Player one (a One Percenter) starts off with five times as much money as player two (the NinetyNine Percenter). Each time player one passes go he receives $500. Player two receives nothing. Player two, if he wishes to purchase real estate is charged double the rate of those for player one (reflecting the advantages of inside information and cushy financial quid pro quos). Also, player one gets to use two dice on every spin; player two, only one die. Very rapidly, the headstart given to the Romney player far outdistances the AverageAmericanTaxPayer player who within a few spins around the board is bankrupt, all their money absorbed by the One Percenter.

This is the real world for Romney and his pals. They expect, and they receive, special breaks all their lives, insider information not available to the other players, every economic and social advantage they need to break the backs of their opponents and cart off their money, their homes, their futures. These they stockpile in one of their warehouses. They expect additional breaks such as relief from paying their fair share in taxes, and they don’t much like anyone telling them anything about responsibility or law or morals or any other damn thing that gets in the way of their ability to cash in on all their advantages. They expect never to be called on anything, including and especially information relating to how exactly they got so rich.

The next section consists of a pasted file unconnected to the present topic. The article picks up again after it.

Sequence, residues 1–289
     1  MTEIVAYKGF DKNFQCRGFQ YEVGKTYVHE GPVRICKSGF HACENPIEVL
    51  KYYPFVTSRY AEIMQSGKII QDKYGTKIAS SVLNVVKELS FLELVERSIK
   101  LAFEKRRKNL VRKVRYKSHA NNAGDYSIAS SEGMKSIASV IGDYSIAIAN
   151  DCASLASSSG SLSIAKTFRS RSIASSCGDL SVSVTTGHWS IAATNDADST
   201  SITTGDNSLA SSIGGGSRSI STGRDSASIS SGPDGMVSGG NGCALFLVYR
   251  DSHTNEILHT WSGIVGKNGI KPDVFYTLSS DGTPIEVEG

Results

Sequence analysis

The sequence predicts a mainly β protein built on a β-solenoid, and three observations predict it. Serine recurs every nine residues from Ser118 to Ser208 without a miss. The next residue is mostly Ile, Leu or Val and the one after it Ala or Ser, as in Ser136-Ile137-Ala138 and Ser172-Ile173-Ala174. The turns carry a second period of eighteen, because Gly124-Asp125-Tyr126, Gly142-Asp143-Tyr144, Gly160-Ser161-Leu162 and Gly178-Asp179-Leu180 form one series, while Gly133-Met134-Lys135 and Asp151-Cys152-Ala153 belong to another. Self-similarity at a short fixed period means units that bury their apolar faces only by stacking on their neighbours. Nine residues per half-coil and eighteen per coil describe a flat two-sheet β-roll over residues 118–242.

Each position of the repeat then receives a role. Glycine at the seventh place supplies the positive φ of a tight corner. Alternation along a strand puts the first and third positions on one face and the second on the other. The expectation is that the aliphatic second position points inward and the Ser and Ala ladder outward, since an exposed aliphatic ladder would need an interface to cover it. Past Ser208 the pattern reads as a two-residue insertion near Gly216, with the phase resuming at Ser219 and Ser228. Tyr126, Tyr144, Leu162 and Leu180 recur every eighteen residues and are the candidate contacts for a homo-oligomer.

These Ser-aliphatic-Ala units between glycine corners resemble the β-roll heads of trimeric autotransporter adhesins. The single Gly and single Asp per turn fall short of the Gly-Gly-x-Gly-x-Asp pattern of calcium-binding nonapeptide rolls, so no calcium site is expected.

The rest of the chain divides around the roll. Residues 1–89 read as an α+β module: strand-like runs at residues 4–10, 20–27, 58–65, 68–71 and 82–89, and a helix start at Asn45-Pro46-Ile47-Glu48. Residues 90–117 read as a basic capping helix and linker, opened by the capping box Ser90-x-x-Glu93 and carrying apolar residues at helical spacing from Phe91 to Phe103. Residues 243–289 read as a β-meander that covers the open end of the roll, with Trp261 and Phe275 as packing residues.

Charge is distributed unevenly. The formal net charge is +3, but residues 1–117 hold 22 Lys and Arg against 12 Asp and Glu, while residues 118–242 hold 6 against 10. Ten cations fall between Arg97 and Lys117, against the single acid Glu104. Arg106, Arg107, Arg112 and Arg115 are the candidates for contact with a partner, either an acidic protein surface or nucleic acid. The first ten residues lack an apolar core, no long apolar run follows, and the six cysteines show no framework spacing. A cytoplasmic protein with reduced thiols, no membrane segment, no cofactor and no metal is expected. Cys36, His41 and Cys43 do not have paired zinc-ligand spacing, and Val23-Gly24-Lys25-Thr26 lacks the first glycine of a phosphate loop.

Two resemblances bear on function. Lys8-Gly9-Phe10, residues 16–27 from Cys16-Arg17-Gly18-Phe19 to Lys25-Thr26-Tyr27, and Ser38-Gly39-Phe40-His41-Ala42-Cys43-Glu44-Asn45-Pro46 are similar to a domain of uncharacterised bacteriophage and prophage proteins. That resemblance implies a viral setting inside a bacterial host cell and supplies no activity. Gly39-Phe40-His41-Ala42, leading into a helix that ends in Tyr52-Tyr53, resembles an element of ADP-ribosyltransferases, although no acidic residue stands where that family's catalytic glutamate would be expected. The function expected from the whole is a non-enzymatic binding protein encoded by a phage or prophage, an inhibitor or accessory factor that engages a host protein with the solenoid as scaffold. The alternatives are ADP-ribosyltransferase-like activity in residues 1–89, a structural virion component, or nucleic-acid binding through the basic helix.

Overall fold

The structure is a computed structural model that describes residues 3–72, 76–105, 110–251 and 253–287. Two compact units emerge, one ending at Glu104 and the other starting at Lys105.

What they do expect, and this they receive as well, is an acknowledgement that they had no advantages at all. That everything they have, they EARNED the hard way through no special help from anyone. Because THAT is the most durable of right-wing myths, one Romney will perpetuate and continue to advance through subterfuge, schemes, stonewalling, and outright lies.

Krugman is right. The personal IS political.

July 16, 2012 | Unregistered CommenterAkhilleus

Jacquelyn,

Yes. And the subtext of those requests for transcripts will be accompanied by an ugly whisper campaign that will, believe me, find plenty of traction on the right: that no black man could have gotten such high marks from Ivy League schools without "special" help (eg, cheating). Right along with that will be screaming outrage by such as Karl Rove and Rush Limbaugh that ANYone dare to call them racists.

They already do this sort of thing. They do it to a T.